In 1664 Louis XIV gave his first great fête at Versailles, a small hunting box built by his father and which the Roi Soleil was transforming into the astonishing château that would materially represent the political, economic, and artistic supremacy of France. Officially honoring Queen Marie-Thérèse and Queen Mother Anne d’Autriche, the entertainments were in fact dedicated to Louise de La Vallière, the king’s first maîtresse en titre.
Foremost among those who took part in the spectacle was the young warrior king himself, clad in jewel-encrusted gold and silver armor as the chevalier Roger, who, at the bidding of the sorceress Alcine, arrives with his retinue to entertain the queens over the course of several days in Les Plaisirs de l’Île Enchantée.
In 1668 Le Grand Divertissement Royal de Versailles, the most extravagant of the king’s fêtes, celebrated the glory of Louis XIV after the Treaty of Aix-la-Chapelle. The éclat of the brilliant and youthful court, entertained with fireworks, tournaments, dance, music, and theater, was heightened by collaborations between two of the greatest names in the dramatic arts: Lully and Molière.
Les plaisirs de l’Île enchantée (La Princesse d’Élide); George Dandin ou Le mari confondu (Le grand divertissemant royal de Versailles) (Hildesheim: G. Olms, 2004) is a new edition of the keyboard score for the comédies-ballets La princesse d’Élide (1664) and George Dandin (1668); it is part of Olms’s Œuvres complètes of Lully.
Above, the official commemorative engraving of Festin du roi et des reines from 1664; below, excerpts from Lully’s score for La princesse d’Élide.
As one of the most powerful nonpolitical figures at Louis XIV’s court, Lully was far from immune to its culture of intrigue.
Henri Guichard, a perpetrator of various frauds and a rival at the court, hatched a plot to poison Lully in 1674, and approached a corrupt police officer, Sébastien Aubry, who had access to the Opéra and often saw Lully there. The unfolding of the plot, which involved a poisoned snuff box, had a strong element of farce as Aubry ineptly attempted to play both ends against the middle, jockeying for his own best interests while appearing to assist Guichard.
Eventually a mutual associate tipped off the composer, who formally accused Aubry of conspiracy to commit murder. Guichard exercised what influence he could, but Lully, as a close associate of the king himself, had the upper hand. In the end, the composer was able to delay the case until the only two dissenting judges finished their terms of duty.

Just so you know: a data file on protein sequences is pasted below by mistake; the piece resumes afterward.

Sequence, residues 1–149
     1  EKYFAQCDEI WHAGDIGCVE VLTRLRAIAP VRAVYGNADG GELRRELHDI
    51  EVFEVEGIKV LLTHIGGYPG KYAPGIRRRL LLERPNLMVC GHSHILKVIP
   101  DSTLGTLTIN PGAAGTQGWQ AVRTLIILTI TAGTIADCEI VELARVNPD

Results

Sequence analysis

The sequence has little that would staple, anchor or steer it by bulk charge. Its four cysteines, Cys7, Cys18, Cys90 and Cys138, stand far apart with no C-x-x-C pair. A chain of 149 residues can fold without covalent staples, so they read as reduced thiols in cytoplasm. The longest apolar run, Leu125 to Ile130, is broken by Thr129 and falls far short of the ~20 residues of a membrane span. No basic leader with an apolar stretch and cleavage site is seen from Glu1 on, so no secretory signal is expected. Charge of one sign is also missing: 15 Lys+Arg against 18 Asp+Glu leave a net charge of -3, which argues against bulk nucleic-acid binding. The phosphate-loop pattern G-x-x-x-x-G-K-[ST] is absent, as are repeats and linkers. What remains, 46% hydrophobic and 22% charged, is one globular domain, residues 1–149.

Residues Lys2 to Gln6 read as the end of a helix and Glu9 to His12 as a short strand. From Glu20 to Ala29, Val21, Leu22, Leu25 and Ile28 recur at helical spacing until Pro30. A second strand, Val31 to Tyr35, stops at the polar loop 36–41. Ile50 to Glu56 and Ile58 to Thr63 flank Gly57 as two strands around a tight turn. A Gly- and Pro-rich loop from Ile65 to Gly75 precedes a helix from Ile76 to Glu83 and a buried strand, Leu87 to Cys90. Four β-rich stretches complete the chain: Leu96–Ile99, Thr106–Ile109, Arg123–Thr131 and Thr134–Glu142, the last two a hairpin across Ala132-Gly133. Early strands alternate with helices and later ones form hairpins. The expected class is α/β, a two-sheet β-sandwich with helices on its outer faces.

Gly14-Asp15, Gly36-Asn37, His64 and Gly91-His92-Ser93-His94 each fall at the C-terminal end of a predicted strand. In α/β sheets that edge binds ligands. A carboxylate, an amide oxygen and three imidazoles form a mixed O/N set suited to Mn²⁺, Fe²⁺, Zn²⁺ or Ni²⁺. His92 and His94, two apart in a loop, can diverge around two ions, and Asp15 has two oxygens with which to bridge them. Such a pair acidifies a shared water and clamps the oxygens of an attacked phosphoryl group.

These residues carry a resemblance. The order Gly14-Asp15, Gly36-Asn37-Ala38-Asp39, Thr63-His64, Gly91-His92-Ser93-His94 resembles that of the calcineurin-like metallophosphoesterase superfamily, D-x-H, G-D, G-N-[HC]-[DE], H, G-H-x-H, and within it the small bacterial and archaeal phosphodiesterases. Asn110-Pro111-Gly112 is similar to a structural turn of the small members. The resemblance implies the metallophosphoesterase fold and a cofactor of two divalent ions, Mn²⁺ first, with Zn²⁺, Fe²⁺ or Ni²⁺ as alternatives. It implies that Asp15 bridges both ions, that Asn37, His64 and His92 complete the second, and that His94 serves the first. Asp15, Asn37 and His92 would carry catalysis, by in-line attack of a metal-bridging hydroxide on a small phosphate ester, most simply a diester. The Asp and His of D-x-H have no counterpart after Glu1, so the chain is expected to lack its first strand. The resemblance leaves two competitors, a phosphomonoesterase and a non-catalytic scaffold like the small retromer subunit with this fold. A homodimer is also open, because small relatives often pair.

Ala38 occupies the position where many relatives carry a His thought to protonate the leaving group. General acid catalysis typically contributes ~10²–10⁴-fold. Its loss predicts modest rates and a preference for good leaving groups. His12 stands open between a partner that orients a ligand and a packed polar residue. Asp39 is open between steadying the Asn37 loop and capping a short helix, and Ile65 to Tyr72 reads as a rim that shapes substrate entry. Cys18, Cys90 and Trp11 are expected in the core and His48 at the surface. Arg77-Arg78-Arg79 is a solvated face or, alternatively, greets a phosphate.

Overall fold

This according to Jean-Baptiste Lully by Ralph Henry Forster Scott (London: Owen, 1973, pp. 76–83).
Today is Lully’s 380th birthday! Below, Boris Terral portrays the composer in Gérard Corbiau’s Le roi danse (2000).
Related article: Comedy versus opera
Le ballet de la nuit, a major ballet de cour, was organized by Louis Cauchon d’Hesselin and first performed in the Louvre’s Salle du Petit Bourbon in 1653. The event was notable for many reasons—not least, for the involvement of the young Louis XIV, who danced in five roles, including his most famous role as the Sun King, accompanied by chosen courtiers and professional dancers, singers, and acrobats.
Edited by Michael Burden and Jennifer Thorp, Ballet de la nuit: Rothschild B1.16.6 (Hillsdale: Pendragon Press, 2009) focuses on the exquisitely produced volume presented to d’Hesselin (who also performed in the work), which passed into the hands of the Rothschild family at Waddesdon Manor and is now in the ownership of the National Trust.
The book presents a full facsimile of the Waddesdon source along with the printed vers pour les personages, lists of performers, cues for special effects, the running order of the entrées, and essays by Burden, Thorp, Catherine Massip, and David Parrott that discuss cultural patronage at the Court of Louis XIV, the musical context, dances and dancers, and the costumes and scenography of this unique and extraordinary ballet. Also included is a modern edition of the surviving music prepared by Lionel Sawkins.
Above, an illustration from the book (click to enlarge); below, Lully’s overture.
Related article: Le Carrousel du Roi